Ol’ Blue Eyes Comes to Town
by David Milloy
Of all the musical artists who’ve played in Ayr over the years (in whose ranks you’ll find some serious talent), the most famous of them all has to be the Chairman of the Board, Ol’ Blue Eyes himself: Mr Francis Albert Sinatra.
That’s right, the leader of the Rat Pack played to audiences in Ayr on what I assume was a balmy day in July 1953. Moreover, he played two shows in one day: a 3.00pm matinee followed by an 8.00pm evening gig. This once (okay, twice) in a lifetime show took place at what was then Green’s Playhouse, more recently known as the MECCA bingo hall in Boswell Place.
That Frank Sinatra came to Ayr at all was, without wishing to be unfair to my home town, a consequence of his somewhat fallen status. From being the idol of 1940s bobby soxers, Sinatra’s star had waned to a significant extent by the early 1950s. The reasons for this were manifold but large amongst them loomed public distaste at his all too public affair with actress Ava Gardner.
Sinatra was, however, nothing if not a fighter. In early 1953, he’d managed to land a new recording deal with Capitol Records as well as a supporting role in Hollywood’s big-budget production of From Here to Eternity. He wasn’t to know it then, but those two deals were about to propel him to heights that easily surpassed the fame he had enjoyed in the 1940s.
That was, however, still to come when the crooner toured Europe in 1953. It was a tour which would see him perform in some of Europe’s finest cities: Rome, Stockholm, Copenhagen, London, Glasgow… and Ayr.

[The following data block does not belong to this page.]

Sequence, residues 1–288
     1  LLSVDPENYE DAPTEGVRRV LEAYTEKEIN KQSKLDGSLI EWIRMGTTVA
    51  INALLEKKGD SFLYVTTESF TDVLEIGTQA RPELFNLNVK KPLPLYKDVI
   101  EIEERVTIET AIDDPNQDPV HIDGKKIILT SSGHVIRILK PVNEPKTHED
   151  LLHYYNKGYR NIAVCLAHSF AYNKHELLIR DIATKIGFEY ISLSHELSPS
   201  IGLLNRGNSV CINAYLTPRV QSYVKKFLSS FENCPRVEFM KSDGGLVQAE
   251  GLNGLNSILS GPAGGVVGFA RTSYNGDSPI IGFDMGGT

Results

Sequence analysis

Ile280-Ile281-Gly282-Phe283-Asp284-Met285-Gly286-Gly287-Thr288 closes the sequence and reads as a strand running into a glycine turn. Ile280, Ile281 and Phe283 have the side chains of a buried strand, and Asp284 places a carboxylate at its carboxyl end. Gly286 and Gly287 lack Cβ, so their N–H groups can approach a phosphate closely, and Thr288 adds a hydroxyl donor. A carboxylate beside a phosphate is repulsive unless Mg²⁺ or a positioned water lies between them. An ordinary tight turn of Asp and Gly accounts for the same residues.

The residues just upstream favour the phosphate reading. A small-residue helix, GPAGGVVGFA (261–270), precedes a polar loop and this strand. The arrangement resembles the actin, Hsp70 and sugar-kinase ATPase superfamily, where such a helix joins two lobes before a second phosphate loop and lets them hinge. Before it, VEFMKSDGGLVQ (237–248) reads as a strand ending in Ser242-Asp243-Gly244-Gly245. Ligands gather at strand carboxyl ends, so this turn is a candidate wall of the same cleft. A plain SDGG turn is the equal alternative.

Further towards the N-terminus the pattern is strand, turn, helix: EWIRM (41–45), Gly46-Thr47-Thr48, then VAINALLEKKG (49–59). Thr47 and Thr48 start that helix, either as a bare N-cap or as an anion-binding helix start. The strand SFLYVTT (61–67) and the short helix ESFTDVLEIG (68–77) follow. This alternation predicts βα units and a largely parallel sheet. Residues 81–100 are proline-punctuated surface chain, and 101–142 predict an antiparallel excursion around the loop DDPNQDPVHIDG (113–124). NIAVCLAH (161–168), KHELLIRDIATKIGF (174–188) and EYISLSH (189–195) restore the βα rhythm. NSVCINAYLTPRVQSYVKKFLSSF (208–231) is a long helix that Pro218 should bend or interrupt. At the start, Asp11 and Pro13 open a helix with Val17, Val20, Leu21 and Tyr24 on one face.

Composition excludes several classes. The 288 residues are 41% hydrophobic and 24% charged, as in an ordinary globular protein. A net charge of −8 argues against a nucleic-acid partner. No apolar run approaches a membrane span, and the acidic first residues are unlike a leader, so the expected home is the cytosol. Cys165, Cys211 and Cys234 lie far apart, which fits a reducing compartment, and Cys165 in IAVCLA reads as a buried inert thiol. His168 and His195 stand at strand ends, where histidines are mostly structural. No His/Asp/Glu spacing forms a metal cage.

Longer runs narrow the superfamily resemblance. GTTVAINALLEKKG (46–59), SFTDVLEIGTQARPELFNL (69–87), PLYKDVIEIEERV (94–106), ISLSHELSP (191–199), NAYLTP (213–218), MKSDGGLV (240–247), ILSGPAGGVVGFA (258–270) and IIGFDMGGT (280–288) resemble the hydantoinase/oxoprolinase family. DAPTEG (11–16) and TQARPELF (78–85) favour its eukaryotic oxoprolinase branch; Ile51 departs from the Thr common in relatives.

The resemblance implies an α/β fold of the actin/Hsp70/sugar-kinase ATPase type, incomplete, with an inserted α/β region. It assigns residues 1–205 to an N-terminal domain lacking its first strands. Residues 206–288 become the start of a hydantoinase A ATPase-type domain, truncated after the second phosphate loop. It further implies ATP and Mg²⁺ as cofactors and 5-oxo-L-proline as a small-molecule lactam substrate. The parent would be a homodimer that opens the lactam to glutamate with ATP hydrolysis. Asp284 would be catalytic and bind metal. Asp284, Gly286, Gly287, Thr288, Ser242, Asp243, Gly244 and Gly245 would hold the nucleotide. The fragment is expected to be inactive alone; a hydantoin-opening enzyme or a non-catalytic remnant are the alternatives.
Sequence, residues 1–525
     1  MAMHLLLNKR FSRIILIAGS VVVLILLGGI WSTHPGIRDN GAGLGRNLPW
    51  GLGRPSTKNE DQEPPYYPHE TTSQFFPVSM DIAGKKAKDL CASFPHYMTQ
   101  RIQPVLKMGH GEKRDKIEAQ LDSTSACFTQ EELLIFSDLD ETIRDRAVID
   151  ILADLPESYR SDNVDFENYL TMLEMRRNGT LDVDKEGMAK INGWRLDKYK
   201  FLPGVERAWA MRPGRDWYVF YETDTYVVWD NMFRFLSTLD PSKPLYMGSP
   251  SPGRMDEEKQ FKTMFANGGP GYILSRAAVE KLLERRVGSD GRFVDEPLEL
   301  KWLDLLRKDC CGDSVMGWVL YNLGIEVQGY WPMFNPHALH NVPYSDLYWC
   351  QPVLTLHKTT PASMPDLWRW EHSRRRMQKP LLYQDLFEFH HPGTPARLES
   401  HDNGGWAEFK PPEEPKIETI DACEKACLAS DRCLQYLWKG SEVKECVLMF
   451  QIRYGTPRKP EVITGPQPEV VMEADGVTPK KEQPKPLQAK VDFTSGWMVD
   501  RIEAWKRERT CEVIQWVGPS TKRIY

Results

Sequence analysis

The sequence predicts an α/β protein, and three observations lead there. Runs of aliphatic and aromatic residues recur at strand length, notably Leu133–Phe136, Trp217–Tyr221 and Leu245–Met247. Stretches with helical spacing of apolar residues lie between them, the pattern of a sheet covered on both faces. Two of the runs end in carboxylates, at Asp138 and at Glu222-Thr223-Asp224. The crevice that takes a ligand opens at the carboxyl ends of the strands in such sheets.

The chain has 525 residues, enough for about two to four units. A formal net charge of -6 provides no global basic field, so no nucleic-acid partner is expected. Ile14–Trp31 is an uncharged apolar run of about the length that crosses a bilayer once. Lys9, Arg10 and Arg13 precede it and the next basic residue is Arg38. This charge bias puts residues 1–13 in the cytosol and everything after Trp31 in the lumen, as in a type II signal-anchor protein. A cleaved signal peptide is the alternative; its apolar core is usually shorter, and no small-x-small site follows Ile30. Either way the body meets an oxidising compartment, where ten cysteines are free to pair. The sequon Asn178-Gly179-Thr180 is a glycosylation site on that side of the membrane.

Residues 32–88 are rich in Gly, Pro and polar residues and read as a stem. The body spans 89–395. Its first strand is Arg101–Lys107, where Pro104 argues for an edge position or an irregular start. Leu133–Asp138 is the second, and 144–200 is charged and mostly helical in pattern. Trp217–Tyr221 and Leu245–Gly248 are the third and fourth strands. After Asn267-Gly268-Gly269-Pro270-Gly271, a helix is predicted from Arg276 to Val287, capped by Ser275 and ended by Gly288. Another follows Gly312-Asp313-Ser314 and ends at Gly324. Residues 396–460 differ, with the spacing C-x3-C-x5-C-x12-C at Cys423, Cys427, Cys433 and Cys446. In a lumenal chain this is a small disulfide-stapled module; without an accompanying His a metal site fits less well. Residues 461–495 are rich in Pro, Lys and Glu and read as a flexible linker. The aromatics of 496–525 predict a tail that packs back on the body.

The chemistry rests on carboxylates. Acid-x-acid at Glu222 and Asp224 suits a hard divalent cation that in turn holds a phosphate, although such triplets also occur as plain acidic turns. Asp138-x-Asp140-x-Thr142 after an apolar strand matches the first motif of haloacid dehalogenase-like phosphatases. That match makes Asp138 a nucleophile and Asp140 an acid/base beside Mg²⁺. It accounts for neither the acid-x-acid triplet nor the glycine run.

Having cut short his tour of Sweden, Sinatra thereafter spent a month in England, appearing in both Birmingham and London before heading north to Scotland and a series of concerts at the Glasgow Empire. His Glasgow gigs completed, Sinatra made the short hop to Ayr. Backed, as he had been throughout his British tour, by Billy Ternent’s orchestra, Sinatra played two shows at Green’s Playhouse on 12th July, 1953. Sadly, neither of his Ayr concerts came close to selling out, with the afternoon show being particularly poorly attended.
From Ayr, Sinatra made his way to Dundee’s Caird Hall and less than packed houses before taking his leave of Scotland and strolling, hat cocked at a jaunty angle, into a future that would deliver him an Oscar for Best Supporting Actor, a lengthy string of critically acclaimed and commercially successful records, and the odd controversy. That future would also hold a return to Scotland, but not until 1990 and only for a single concert.
As for Green’s Playhouse, its future is somewhat uncertain. Having served for many years as a bingo hall, it now lies empty and in search of a new tenant. Hopefully it will survive and continue to provide entertainment and pleasure to the people of Ayr, just like it did on that magical day in 1953 when Sinatra came to town.